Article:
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Ann Emerg Med. 2019 May 9. pii: S0196-0644(19)30250-1. doi: 10.1016/j.annemergmed.2019.03.031. [Epub ahead of print]

Clinical Benefit of Hospitalization for Older Adults With Unexplained Syncope: A Propensity-Matched Analysis.

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Department of Emergency Medicine, Icahn School of Medicine at Mount Sinai, New York, NY. Electronic address:
Department of Biostatistics, Fielding School of Public Health, University of California, Los Angeles, Los Angeles, CA.
Center for Policy and Research in Emergency Medicine, Department of Emergency Medicine, Oregon Health & Science University, Portland, OR.
Department of Emergency Medicine, University of Rochester, Rochester, NY.
Department of Emergency Medicine, William Beaumont Hospital-Troy, Troy, MI.
Department of Emergency Medicine, Brigham & Women's Hospital, Boston, MA.
Department of Emergency Medicine, The Ohio State University Wexner Medical Center, Columbus, OH.
Department of Emergency Medicine, William Beaumont Hospital-Royal Oak, Royal Oak, MI.
Department of Emergency Medicine, University of Texas-Southwestern, Dallas, TX.
Department of Emergency Medicine, Thomas Jefferson University Hospital, Philadelphia, PA.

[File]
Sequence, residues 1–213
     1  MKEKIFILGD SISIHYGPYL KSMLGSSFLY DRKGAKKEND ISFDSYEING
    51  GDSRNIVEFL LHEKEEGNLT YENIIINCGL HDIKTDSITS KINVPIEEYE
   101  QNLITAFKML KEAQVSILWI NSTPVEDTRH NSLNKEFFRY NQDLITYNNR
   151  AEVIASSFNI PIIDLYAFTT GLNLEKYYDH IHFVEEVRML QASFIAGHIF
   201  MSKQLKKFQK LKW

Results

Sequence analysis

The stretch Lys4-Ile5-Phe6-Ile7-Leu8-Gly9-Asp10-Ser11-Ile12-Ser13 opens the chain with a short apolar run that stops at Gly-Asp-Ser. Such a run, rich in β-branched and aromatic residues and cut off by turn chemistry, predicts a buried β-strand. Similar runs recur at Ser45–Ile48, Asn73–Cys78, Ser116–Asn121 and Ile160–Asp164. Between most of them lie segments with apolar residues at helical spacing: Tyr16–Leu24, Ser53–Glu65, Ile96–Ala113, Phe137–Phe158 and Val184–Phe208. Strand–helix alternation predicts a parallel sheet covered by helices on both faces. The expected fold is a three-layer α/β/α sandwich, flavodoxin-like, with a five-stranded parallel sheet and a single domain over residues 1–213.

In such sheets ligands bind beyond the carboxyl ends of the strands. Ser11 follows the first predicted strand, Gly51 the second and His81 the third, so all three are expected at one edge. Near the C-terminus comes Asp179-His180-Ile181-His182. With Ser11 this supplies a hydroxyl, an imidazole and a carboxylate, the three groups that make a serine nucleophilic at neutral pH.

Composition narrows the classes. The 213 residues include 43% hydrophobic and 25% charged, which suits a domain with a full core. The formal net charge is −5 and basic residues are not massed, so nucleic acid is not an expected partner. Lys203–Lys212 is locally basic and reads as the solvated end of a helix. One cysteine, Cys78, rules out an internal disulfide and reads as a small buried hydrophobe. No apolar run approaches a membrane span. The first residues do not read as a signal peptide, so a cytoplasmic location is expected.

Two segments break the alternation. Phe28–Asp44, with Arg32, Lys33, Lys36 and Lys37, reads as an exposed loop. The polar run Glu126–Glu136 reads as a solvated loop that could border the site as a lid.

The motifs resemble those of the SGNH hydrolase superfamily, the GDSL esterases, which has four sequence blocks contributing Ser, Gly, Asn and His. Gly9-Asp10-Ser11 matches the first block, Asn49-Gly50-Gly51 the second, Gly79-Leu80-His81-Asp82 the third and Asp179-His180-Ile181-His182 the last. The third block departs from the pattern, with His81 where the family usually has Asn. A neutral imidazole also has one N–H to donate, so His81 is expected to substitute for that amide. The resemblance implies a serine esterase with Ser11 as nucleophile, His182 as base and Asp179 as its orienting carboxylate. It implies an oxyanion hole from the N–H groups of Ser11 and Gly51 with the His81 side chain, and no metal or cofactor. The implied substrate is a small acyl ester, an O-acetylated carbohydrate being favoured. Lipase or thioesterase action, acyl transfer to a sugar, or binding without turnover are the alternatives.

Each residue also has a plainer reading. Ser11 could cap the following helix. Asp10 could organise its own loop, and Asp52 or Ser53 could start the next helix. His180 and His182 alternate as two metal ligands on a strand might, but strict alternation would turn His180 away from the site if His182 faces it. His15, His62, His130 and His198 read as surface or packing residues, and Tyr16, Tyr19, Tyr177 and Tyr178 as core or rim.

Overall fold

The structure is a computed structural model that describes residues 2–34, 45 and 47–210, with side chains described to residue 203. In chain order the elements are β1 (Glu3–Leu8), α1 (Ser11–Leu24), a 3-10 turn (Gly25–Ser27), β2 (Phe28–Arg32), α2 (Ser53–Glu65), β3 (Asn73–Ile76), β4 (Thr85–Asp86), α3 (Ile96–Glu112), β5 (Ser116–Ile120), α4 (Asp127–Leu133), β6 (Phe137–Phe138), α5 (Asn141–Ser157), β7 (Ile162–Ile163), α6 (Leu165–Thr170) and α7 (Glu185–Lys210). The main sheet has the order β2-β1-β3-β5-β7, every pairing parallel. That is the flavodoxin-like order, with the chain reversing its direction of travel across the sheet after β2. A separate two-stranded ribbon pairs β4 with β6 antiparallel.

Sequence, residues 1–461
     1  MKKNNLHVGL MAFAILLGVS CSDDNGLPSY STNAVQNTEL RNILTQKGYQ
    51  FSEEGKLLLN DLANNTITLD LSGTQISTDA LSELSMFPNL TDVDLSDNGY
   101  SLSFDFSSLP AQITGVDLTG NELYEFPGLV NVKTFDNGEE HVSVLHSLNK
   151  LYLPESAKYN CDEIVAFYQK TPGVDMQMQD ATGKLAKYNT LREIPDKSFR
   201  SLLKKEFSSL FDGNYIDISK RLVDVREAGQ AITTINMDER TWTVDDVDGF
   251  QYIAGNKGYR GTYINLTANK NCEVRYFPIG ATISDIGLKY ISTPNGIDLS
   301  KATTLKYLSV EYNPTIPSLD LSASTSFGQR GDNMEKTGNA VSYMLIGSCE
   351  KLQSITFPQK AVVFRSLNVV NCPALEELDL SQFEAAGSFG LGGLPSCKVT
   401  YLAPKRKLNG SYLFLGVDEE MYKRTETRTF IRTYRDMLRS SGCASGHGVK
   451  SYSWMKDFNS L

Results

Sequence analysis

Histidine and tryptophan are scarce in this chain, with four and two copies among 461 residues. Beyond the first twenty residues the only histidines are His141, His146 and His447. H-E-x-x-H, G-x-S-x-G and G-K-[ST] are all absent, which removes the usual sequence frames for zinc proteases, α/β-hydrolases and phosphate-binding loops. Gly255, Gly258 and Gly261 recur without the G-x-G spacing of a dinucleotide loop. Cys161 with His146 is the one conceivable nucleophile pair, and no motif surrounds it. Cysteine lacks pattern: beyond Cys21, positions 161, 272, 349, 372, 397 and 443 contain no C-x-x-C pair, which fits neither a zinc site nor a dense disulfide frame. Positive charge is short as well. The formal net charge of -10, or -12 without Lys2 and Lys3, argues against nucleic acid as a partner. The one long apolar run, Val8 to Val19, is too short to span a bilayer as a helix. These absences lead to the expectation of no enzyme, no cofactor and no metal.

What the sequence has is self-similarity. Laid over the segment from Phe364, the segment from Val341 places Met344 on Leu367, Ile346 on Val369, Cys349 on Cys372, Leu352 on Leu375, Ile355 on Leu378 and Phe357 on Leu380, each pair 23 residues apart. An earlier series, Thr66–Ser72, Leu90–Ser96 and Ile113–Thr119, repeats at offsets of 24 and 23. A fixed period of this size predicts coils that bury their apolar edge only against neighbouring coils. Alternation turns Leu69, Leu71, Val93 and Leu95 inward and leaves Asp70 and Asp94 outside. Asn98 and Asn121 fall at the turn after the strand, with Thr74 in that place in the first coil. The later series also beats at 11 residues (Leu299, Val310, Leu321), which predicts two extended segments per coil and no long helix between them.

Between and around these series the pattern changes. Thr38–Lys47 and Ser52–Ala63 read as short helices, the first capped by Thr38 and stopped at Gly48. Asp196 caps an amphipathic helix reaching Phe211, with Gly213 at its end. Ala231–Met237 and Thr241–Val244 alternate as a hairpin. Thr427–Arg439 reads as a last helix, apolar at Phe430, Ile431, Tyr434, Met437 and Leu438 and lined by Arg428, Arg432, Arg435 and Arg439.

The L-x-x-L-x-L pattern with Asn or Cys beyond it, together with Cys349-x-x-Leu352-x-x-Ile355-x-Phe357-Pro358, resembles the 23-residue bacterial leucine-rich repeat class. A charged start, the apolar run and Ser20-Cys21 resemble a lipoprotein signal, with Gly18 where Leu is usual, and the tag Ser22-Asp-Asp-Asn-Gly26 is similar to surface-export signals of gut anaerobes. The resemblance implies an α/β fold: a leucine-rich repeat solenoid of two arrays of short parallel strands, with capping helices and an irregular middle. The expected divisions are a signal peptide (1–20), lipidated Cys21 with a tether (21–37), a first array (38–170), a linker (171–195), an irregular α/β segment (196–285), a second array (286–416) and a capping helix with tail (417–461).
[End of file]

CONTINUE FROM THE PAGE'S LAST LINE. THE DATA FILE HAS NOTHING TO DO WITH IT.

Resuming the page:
Department of Emergency Medicine, Wake Forest School of Medicine, Winston-Salem, NC.
Department of Emergency Medicine, UC Davis School of Medicine, Sacramento, CA.
Department of Emergency Medicine, University of Wisconsin-Madison, Madison, WI.
Department of Emergency Medicine, Northeastern Ohio Medical University, Rootstown, OH.
Department of Emergency Medicine, Vanderbilt University Medical Center, Nashville, TN.



Many adults with syncope are hospitalized solely for observation and testing. We seek to determine whether hospitalization versus outpatient management for older adults with unexplained syncope is associated with a reduction in postdisposition serious adverse events at 30 days.


We performed a propensity score analysis using data from a prospective, observational study of older adults with unexplained syncope or near syncope who presented to 11 emergency departments (EDs) in the United States. We enrolled adults (≥60 years) who presented with syncope or near syncope. We excluded patients with a serious diagnosis identified in the ED. Clinical and laboratory data were collected on all patients. The primary outcome was rate of post-ED serious adverse events at 30 days.


We enrolled 2,492 older adults with syncope and no serious ED diagnosis from April 2013 to September 2016. Mean age was 73 years (SD 8.9 years), and 51% were women. The incidence of serious adverse events within 30 days after the index visit was 7.4% for hospitalized patients and 3.19% for discharged patients, representing an unadjusted difference of 4.2% (95% confidence interval 2.38% to 6.02%). After propensity score matching on risk of hospitalization, there was no statistically significant difference in serious adverse events at 30 days between the hospitalized group (4.89%) and the discharged group (2.82%) (risk difference 2.07%; 95% confidence interval -0.24% to 4.38%).


In our propensity-matched sample of older adults with unexplained syncope, for those with clinical characteristics similar to that of the discharged cohort, hospitalization was not associated with improvement in 30-day serious adverse event rates.

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